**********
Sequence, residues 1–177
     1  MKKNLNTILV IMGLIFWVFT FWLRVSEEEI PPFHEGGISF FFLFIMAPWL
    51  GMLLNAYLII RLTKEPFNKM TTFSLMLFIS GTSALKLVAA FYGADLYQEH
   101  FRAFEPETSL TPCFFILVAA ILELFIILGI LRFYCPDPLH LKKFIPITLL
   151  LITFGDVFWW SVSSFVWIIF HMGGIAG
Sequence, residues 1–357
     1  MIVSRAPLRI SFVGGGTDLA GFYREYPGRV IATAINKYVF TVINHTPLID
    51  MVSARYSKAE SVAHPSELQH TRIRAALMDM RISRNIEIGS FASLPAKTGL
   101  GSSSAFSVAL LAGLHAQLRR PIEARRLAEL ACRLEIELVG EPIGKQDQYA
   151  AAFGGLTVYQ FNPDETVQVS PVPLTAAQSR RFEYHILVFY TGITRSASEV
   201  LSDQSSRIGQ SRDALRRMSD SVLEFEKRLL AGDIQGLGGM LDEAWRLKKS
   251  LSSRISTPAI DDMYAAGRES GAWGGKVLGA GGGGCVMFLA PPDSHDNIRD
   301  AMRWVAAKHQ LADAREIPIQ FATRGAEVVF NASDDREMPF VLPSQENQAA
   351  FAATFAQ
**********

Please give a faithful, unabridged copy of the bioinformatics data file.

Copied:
Sequence, residues 1–177
     1  MKKNLNTILV IMGLIFWVFT FWLRVSEEEI PPFHEGGISF FFLFIMAPWL
    51  GMLLNAYLII RLTKEPFNKM TTFSLMLFIS GTSALKLVAA FYGADLYQEH
   101  FRAFEPETSL TPCFFILVAA ILELFIILGI LRFYCPDPLH LKKFIPITLL
   151  LITFGDVFWW SVSSFVWIIF HMGGIAG
Sequence, residues 1–357
     1  MIVSRAPLRI SFVGGGTDLA GFYREYPGRV IATAINKYVF TVINHTPLID
    51  MVSARYSKAE SVAHPSELQH TRIRAALMDM RISRNIEIGS FASLPAKTGL
   101  GSSSAFSVAL LAGLHAQLRR PIEARRLAEL ACRLEIELVG EPIGKQDQYA
   151  AAFGGLTVYQ FNPDETVQVS PVPLTAAQSR RFEYHILVFY TGITRSASEV
   201  LSDQSSRIGQ SRDALRRMSD SVLEFEKRLL AGDIQGLGGM LDEAWRLKKS
   251  LSSRISTPAI DDMYAAGRES GAWGGKVLGA GGGGCVMFLA PPDSHDNIRD
   301  AMRWVAAKHQ LADAREIPIQ FATRGAEVVF NASDDREMPF VLPSQENQAA
   351  FAATFAQ